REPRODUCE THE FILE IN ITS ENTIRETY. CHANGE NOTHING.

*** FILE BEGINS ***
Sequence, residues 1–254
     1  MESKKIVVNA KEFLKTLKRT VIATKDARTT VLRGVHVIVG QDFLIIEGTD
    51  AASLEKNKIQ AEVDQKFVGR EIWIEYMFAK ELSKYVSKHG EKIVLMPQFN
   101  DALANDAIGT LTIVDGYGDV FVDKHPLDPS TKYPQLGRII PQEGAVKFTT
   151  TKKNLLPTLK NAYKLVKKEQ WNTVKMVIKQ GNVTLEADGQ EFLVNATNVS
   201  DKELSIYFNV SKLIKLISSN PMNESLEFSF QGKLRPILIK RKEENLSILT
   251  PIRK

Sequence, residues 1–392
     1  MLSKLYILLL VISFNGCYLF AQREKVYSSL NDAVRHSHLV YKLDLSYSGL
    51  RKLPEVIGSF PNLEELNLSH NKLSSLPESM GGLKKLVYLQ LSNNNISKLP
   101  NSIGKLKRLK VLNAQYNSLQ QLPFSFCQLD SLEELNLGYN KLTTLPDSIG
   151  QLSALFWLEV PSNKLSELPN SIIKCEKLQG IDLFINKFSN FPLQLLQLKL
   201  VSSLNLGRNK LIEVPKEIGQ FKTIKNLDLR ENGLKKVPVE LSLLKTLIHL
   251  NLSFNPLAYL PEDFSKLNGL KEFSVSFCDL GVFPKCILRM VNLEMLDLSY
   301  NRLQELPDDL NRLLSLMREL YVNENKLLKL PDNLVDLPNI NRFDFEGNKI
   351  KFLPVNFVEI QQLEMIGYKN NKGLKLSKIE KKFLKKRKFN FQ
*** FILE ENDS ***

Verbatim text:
Sequence, residues 1–254
     1  MESKKIVVNA KEFLKTLKRT VIATKDARTT VLRGVHVIVG QDFLIIEGTD
    51  AASLEKNKIQ AEVDQKFVGR EIWIEYMFAK ELSKYVSKHG EKIVLMPQFN
   101  DALANDAIGT LTIVDGYGDV FVDKHPLDPS TKYPQLGRII PQEGAVKFTT
   151  TKKNLLPTLK NAYKLVKKEQ WNTVKMVIKQ GNVTLEADGQ EFLVNATNVS
   201  DKELSIYFNV SKLIKLISSN PMNESLEFSF QGKLRPILIK RKEENLSILT
   251  PIRK

Sequence, residues 1–392
     1  MLSKLYILLL VISFNGCYLF AQREKVYSSL NDAVRHSHLV YKLDLSYSGL
    51  RKLPEVIGSF PNLEELNLSH NKLSSLPESM GGLKKLVYLQ LSNNNISKLP
   101  NSIGKLKRLK VLNAQYNSLQ QLPFSFCQLD SLEELNLGYN KLTTLPDSIG
   151  QLSALFWLEV PSNKLSELPN SIIKCEKLQG IDLFINKFSN FPLQLLQLKL
   201  VSSLNLGRNK LIEVPKEIGQ FKTIKNLDLR ENGLKKVPVE LSLLKTLIHL
   251  NLSFNPLAYL PEDFSKLNGL KEFSVSFCDL GVFPKCILRM VNLEMLDLSY
   301  NRLQELPDDL NRLLSLMREL YVNENKLLKL PDNLVDLPNI NRFDFEGNKI
   351  KFLPVNFVEI QQLEMIGYKN NKGLKLSKIE KKFLKKRKFN FQ